Group of Female Senators Demand Al Franken Step Down Following Sexual Harassment Allegations

At least six female senators have asked Minnesota Senator Al Franken to step down.

Group of Female Senators Demand Al Franken Step Down Following Sexual Harassment Allegations

At least six female Democratic senators have asked Minnesota Senator Al Franken to step down following a new POLITICO report of a congressional aide alleging that he once tried to forcibly kiss her. Accusations of sexual misconduct against Franken first came to light in mid-November after radio broadcaster and TV host Leeann Tweeden wrote about Franken groping and forcibly kissing her in 2006.

Franken has responded to the allegations by apologizing and insisting that he’ll learn from his “mistakes,” but has repeatedly said he has no intentions of resigning.

In a lengthy Facebook post, New York Senator Kirsten Gillibrand urged Franken to renounce his position. “While Senator Franken is entitled to have the Ethics Committee conclude its review, I believe it would be better for our country if he sent a clear message that any kind of mistreatment of women in our society isn’t acceptable by stepping aside to let someone else serve,” she wrote.

Missouri Senator Claire McCaskill simply tweeted, “Al Franken should resign.”

In a series of tweets, Hawaii Senator Mazie Hirono, California Senator Kamala Harris, New Hampshire Senator Maggie Hassan, and Wisconsin Senator Tammy Baldwin also took to Twitter to call for his resignation.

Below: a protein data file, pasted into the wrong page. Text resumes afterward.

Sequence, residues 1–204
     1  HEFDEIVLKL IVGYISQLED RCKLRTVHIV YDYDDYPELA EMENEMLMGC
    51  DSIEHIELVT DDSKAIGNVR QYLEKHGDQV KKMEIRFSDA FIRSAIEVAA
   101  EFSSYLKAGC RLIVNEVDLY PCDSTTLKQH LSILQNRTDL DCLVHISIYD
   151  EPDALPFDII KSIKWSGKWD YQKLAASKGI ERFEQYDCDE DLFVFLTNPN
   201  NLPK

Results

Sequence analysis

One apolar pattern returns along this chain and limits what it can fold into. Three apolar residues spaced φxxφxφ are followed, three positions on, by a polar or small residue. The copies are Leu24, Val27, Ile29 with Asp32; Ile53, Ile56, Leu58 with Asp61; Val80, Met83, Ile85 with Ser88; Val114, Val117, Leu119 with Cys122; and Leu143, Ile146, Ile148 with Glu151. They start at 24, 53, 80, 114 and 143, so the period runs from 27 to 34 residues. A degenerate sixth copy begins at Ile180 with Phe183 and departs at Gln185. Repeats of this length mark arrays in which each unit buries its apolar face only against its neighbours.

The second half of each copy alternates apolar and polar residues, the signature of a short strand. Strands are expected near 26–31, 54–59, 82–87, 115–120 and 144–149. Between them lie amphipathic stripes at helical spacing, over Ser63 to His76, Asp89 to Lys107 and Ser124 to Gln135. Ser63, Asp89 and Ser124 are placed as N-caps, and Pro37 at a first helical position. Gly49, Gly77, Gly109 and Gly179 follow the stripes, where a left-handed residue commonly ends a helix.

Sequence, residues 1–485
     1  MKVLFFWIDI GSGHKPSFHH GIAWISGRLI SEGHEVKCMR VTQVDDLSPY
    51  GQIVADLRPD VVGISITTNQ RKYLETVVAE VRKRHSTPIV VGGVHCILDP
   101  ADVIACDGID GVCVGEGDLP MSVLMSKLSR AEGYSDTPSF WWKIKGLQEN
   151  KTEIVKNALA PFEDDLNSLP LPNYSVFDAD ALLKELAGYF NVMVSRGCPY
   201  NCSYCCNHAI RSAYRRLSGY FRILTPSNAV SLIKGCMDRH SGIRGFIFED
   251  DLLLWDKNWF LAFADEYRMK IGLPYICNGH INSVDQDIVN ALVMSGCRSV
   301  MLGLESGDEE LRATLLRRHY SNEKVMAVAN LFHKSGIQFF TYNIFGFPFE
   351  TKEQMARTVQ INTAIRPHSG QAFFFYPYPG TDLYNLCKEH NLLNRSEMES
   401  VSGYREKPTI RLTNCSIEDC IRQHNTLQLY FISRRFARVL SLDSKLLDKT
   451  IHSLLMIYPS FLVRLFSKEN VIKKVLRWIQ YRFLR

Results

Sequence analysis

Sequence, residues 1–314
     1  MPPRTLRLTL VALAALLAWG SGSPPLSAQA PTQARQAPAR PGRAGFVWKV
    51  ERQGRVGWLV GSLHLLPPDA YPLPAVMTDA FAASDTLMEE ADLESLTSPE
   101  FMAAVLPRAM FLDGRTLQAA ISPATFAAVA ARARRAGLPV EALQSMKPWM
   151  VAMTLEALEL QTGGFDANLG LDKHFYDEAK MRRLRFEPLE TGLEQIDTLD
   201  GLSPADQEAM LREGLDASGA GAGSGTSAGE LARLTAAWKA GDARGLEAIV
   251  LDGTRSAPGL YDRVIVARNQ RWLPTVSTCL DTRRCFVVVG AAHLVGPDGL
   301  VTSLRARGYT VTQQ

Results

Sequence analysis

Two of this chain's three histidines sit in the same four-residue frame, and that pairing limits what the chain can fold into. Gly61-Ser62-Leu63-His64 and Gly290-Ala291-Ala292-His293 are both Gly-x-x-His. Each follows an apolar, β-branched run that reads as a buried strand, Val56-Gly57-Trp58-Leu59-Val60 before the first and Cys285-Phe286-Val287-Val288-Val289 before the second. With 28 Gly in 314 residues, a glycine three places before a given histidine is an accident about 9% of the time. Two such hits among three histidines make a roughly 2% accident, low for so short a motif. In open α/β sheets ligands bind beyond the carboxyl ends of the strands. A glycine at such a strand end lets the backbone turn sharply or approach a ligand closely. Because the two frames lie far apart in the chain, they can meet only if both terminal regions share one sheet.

“Sexual harassment and misconduct should not be allowed by anyone and should not occur anywhere,” Harris said. “I believe the best thing for Senator Franken to do is step down.”

“Today, I am calling on my colleague Al Franken to step aside,” Hirono wrote. “I’ve struggled with this decision because he’s been a good Senator and I consider him a friend. But that cannot excuse his behavior and his mistreatment of women.” She went on to discuss the importance of holding sexual assaulters and harassers accountable for their actions and making them face consequences.

Like McCaskill, Baldwin’s message was short and to the point: “I believe it is best for Senator Franken to resign.”

Hassan said, “It is clear that Al Franken has engaged in a pattern of egregious and unacceptable behavior toward women. He should resign. We are experiencing a change in our culture that is long overdue, and we must continue working to empower all women and do everything we can to prevent sexual harassment, misconduct, and assault.”

In addition to the six women, Pennsylvania Senator Bob Casey was part of the list of Democrats asking him to get out of Congress. “I agree with my colleagues who have stepped forward today and called on Senator Franken to resign,” he said. “We can’t just believe women when it’s convenient.”

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